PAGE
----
Historical Points of Interest In and Around Boston
Boston is known for its historical importance in the American Revolution, and it is also home to the Massachusetts Institute of Technology, Harvard University, Boston University, Tufts University and Boston College.
With its numerous colleges and universities, Boston is a hub for local and student tourism, and is the setting for several key events in the American Revolution, including the Boston Tea Party and the Battle of Bunker Hill.
Boston is one of the most famous cities in the world. It is the capital of the state of Massachusetts and is located in Suffolk County. Boston is a coastal city of approximately 689,326 people (as of 2020).
Tourist Attractions in Boston
There is a pretty rich and mazing history surround the city of Boston and some of our favorite tourist traps are as follows.
The John F. Kennedy Presidential Library and Museum
The John F. Kennedy Presidential Library and Museum is a living memorial to the 35th President of the United States. JFK was our nation’s youngest elected president, and he served our country during a time of great change. The JFK Library is located on a ten-acre park along the waterfront. The Museum tells the story of JFK’s life and Presidency through multimedia exhibits, interactive displays, and artifacts.
The Isabella Stewart Gardner Museum
The Isabella Stewart Gardner Museum is one of Boston’s most famous tourist attractions.
Isabella Stewart Gardner lived from 1841 to 1916, and this small museum is located inside her home.
In the early 20th century, Isabella Stewart Gardner became one of the richest women in the world, and her home reflected her wealth.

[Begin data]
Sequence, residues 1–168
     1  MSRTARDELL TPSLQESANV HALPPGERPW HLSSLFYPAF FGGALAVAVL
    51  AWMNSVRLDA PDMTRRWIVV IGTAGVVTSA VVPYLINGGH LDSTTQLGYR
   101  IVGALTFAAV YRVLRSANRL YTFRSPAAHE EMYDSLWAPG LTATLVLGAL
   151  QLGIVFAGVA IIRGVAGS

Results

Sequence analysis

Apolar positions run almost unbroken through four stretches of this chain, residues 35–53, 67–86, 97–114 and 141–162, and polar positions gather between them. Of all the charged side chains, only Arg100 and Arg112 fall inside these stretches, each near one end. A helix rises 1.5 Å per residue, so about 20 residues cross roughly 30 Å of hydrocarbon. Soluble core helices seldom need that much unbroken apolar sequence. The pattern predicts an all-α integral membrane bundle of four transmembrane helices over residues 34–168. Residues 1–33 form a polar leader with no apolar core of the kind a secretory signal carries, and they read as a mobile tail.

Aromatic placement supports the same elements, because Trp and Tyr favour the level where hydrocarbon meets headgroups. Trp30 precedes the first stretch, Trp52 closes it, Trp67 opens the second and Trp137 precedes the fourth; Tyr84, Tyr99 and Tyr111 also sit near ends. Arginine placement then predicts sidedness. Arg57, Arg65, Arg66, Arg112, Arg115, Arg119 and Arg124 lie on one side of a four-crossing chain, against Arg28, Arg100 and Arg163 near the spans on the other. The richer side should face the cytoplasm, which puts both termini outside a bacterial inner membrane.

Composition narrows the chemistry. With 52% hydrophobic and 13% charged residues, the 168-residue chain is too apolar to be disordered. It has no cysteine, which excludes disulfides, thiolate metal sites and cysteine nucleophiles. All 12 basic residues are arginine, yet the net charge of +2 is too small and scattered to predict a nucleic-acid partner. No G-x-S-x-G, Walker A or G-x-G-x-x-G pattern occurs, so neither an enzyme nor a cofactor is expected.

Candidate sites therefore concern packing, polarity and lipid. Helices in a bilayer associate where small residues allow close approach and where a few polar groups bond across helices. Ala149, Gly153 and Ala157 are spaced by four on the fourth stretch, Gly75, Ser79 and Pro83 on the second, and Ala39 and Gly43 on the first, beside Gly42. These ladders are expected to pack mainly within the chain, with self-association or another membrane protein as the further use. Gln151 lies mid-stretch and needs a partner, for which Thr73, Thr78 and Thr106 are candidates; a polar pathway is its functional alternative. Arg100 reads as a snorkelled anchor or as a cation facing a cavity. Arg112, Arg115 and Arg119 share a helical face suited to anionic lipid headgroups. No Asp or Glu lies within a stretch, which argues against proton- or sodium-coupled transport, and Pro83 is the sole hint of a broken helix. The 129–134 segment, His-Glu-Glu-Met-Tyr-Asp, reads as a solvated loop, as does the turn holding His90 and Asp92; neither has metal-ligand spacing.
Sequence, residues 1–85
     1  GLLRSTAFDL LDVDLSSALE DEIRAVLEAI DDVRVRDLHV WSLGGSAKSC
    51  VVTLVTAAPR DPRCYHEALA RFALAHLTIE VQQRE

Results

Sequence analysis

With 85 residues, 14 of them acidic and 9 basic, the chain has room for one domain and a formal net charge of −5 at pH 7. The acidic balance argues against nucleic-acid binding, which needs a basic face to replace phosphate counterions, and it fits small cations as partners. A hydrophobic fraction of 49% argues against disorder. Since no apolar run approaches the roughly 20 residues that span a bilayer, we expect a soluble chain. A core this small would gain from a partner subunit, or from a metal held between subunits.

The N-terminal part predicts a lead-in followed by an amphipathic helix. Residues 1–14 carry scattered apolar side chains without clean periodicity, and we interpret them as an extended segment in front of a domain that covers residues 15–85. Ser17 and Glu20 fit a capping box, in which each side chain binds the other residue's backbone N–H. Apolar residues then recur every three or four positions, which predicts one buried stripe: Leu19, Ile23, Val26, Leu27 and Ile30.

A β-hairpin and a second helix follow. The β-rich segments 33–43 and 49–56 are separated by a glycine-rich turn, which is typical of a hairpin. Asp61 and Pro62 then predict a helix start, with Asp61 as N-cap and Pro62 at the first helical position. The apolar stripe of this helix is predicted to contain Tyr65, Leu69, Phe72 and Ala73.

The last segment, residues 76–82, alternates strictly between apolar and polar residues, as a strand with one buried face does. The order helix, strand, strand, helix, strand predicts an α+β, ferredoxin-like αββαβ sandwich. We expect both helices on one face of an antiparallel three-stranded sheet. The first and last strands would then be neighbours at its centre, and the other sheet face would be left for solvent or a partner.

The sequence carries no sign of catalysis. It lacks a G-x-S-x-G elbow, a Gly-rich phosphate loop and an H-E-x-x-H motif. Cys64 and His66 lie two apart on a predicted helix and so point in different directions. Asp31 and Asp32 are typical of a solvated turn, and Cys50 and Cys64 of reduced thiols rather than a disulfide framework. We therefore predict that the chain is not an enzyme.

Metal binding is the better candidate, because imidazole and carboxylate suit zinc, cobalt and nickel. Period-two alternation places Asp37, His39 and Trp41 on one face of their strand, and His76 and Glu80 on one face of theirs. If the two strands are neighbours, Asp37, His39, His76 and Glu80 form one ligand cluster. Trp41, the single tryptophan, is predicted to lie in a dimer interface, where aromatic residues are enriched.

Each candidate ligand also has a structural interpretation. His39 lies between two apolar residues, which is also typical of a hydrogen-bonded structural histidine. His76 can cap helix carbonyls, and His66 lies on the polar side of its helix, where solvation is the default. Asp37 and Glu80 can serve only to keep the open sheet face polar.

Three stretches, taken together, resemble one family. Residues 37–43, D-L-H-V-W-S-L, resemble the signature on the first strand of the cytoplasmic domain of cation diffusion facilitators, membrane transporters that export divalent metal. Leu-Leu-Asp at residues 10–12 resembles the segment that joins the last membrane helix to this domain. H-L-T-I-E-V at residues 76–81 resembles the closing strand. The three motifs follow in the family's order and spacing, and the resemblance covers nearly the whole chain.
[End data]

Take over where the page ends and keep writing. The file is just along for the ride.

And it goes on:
The museum showcases her art collection. It was carefully designed to hide and protect her collection from thieves.
Her art collection features over 7,000 pieces of artwork, many of which are by European painters.
The museum has gardens, as well.
The Harvard Museum of Natural History
The Harvard Museum of Natural History is one of the oldest museums in the United States. It is located in Cambridge, Massachusetts, and is affiliated with Harvard University. The museum was founded in 1812 and is home to over 21 million specimens. The museum is open to the public and offers a variety of programs and events.
Peabody Museum of Archaeology and Ethnology
The Peabody Museum of Archaeology and Ethnology is a museum affiliated with Harvard University in Cambridge, Massachusetts. The museum is home to one of the largest collections of archaeological and ethnographic materials in the world. The museum’s collections contain over 1.2 million objects, including some of the earliest known examples of human-made tools and art.
Bunker Hill Monument
Bunker Hill Monument is a granite obelisk located in Charlestown, Massachusetts, that commemorates the battle of Bunker Hill. The monument, 221 feet in height, is part of the Bunker Hill Museum complex and a National Historic Landmark.
The Boston Tea Party Ships & Museum
The Boston Tea Party Ships & Museum is the only museum in the world which tells the story of this famous event.
Guests are greeted by costumed docents who act as guides through the exhibition, telling the story of the Boston Tea Party, the historical events that lead up to it, and the impact of this event on the Revolutionary War.
Best Way to Get Around in Boston
Boston is the capital of Massachusetts. It has numerous historic attractions, including the Boston Freedom Trail, Faneuil Hall Marketplace, and Copp’s Hill Burying Ground, among others.
The Freedom Trail is a 2.5-mile-long historic walking tour that winds through three centuries of American history.
Additionally, Boston is home to the oldest subway system in the United States. The MBTA subway system consists of 146 stations and over 270 miles of track. The Metro-North Railroad system runs trains on the New Haven Line, Harlem Line, and New Haven Line, as well as New Haven–Springfield Line, Waterbury Branch, and Framingham/Worcester Line.
Boston is also home to Logan International Airport, which serves over 50 domestic and international destinations. Commuter rail service to Boston is available from a number of cities including New York, Providence, and Restaurants in Boston.
In conclusion, there are many historical points of interest in and around Boston that are worth exploring. If you’re interested in history, then be sure to visit some of these locations and learn more about the city’s past. You may be surprised by what you find!